The Curse of Living in a ‘Remote’ Village in India
Organisation: Stories Asia
Organisation size: Small
Publication date: 17 Sep 2020
Credit: Srishti Jaswal (Sole Contributor)
In a distant village of hilly state of India, Poonam, a mother of three was trekking back to her home. On that trek of 10 KMs, she met with an accident. She could have survived but couldn’t as there were no roads.
This data journalism story attempts to find out what went wrong with India’s rural roads scheme, launched in 2000, to build a network of roads to enable connectivity in all seasons, across the country. Twenty years later, only 4,000 kilometres of the planned 60,000 kilometres of the road has been built, as the data for 2020-2021 shows.
Hope has sprung in a dim and distant village Badhhu in Mandi district of the northern state of Himachal Pradesh. After the death of a mother of three and my coverage in StoriesAsia of how the inaccessibility of this village was responsible for the fatal accident, the state government has finally resolved to finish the construction of a bridge and build a road to this community of mostly Dalit people, considered outcaste in India.
The prime requirement of the story was interpreting the vast format of government data available in the public domain and through the Right to Information applications. For that, I used MS Excel, high charts.com and various other platforms to understand and formulate the data and study it. The primary requirement of data was to understand where the scheme was lacking and in which states the performance was poor. The data was to substantiate the claims.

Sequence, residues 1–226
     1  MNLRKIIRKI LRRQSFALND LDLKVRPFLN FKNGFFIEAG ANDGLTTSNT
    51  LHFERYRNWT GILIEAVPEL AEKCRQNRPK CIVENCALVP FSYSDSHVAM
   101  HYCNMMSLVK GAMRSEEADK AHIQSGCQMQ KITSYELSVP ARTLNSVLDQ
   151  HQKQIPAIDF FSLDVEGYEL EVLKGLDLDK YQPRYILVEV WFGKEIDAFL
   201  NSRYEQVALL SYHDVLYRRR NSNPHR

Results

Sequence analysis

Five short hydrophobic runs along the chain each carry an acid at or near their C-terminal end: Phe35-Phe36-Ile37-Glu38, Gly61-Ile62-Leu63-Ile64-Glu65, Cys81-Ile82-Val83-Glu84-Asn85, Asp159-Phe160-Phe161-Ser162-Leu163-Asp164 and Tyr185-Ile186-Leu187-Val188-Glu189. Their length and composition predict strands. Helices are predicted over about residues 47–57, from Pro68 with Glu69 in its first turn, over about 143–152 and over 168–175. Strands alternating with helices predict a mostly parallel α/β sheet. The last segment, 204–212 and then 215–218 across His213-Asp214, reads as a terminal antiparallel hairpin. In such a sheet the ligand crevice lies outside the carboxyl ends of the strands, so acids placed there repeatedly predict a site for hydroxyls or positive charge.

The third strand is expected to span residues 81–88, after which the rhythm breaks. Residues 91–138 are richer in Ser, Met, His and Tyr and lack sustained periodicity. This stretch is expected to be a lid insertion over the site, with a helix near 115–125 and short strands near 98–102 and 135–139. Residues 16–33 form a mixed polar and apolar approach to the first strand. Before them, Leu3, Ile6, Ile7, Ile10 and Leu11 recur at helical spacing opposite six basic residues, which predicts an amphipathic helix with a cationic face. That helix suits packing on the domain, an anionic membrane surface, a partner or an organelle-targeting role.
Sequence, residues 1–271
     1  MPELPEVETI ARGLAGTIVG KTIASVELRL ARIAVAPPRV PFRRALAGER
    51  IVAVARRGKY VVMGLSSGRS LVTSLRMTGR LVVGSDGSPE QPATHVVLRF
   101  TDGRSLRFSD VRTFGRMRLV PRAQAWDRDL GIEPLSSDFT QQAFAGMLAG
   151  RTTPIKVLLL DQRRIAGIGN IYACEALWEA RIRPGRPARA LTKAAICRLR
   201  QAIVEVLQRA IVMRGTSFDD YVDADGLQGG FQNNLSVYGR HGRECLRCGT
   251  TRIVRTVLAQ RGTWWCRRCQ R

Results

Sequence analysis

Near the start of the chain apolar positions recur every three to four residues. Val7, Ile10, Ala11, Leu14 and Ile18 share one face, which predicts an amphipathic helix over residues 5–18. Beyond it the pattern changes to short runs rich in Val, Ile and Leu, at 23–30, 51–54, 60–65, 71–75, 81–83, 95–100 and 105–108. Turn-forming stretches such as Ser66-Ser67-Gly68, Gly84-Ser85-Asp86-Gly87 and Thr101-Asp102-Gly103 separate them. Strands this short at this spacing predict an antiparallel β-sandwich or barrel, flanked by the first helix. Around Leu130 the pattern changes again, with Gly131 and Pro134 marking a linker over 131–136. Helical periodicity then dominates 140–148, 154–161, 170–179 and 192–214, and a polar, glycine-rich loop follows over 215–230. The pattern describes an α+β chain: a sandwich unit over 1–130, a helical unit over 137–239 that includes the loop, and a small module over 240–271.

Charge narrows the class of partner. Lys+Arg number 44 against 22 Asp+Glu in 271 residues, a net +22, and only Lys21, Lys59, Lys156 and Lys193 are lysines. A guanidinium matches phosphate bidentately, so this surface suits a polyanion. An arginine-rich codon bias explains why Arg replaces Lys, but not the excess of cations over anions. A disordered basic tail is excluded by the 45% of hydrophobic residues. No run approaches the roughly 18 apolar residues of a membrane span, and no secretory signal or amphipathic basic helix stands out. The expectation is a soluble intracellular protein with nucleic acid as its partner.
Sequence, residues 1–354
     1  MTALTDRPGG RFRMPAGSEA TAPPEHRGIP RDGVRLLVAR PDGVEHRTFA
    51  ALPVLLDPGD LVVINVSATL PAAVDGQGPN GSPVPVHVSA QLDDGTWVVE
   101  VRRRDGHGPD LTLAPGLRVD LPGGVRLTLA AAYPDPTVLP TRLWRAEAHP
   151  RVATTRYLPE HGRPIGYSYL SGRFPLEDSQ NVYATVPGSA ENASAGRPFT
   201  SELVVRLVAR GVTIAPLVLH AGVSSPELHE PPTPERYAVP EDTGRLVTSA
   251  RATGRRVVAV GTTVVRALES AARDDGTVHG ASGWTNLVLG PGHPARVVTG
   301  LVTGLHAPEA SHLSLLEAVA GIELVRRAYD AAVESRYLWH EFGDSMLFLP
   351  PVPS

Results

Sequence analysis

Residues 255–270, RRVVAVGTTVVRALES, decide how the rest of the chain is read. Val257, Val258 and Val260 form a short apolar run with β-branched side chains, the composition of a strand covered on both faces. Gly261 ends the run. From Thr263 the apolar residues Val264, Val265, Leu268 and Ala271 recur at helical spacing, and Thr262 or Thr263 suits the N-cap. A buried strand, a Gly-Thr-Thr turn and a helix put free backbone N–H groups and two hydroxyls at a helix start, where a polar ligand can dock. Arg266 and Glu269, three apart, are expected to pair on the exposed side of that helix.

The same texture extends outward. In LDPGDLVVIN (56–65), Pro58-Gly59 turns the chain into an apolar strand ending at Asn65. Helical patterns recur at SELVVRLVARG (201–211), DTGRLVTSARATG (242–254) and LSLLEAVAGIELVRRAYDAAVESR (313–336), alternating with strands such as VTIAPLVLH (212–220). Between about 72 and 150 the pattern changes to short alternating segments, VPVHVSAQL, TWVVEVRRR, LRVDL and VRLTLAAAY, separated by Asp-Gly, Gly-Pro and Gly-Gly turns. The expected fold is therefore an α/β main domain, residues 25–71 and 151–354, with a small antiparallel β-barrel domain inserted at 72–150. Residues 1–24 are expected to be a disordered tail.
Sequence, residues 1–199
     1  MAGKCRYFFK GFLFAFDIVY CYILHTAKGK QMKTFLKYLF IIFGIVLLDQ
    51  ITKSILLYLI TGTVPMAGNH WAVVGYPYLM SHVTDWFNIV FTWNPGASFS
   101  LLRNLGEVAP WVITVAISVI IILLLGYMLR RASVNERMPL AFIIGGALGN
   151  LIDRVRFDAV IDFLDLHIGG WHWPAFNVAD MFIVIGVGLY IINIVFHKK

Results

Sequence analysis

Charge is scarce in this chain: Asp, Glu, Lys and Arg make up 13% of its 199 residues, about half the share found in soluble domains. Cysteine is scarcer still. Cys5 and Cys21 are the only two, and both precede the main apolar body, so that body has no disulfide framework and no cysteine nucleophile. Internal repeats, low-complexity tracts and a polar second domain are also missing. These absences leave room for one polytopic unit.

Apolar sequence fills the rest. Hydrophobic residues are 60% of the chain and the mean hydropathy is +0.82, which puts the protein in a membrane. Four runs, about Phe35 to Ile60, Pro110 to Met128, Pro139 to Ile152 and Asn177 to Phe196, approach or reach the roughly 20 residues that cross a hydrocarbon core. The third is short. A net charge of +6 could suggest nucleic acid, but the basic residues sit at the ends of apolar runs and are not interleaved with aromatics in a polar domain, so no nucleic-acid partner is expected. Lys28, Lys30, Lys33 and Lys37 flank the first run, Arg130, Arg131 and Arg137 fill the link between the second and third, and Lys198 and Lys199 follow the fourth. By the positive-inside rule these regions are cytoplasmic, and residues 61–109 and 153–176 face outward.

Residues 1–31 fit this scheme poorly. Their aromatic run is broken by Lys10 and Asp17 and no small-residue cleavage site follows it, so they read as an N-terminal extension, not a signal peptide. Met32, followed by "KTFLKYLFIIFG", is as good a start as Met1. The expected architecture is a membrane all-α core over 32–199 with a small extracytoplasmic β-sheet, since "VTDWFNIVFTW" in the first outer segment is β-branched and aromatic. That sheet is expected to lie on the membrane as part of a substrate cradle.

What was the hardest part of this project?
The hardest part of this project was to find the data, classify it, understand and tabulate it. The central government’s rural roads scheme entered its third phase last December. But 46 per cent of the targets remained unmet in 2019. None of the northeastern states was able to meet even 50 per cent of the targets under Phases 1 and 2 of the PMGSY. And a fund crunch has led to work moving at a snail’s pace in Jammu and Kashmir region. The poor connectivity is a disappointing standard in most of rural India. Consider this data for 2020-2021. In Arunachal Pradesh state, only one out of the 95 target villages has a road. In Meghalaya state, 3 out of 175 villages are connected. In Jammu and Kashmir region, 25 out of 327 villages are connected. In Uttarakhand state, 20 out of 300 villages are connected. In Chhattisgarh state, 4 out of 572 target villages are connected. To carve out this data, understand it and substantiate it was the most difficult part of the story.
What can others learn from this project?
A very important aspect to take out of this story was how Covid19 pandemic inturn affected an otherwise a slow scheme. 2020 as a year was very slow for the construction of the road because of nationwide lockdown imposed in the country. This story and data produced here also give an insight on to how Covid19 dwindled the growth of the scheme where the targets remained unmet.